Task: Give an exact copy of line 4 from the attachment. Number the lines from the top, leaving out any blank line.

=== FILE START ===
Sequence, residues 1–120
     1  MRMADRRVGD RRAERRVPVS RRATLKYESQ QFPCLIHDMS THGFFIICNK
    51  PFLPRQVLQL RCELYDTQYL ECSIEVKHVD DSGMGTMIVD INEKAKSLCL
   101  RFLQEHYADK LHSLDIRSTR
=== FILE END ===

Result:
   101  RFLQEHYADK LHSLDIRSTR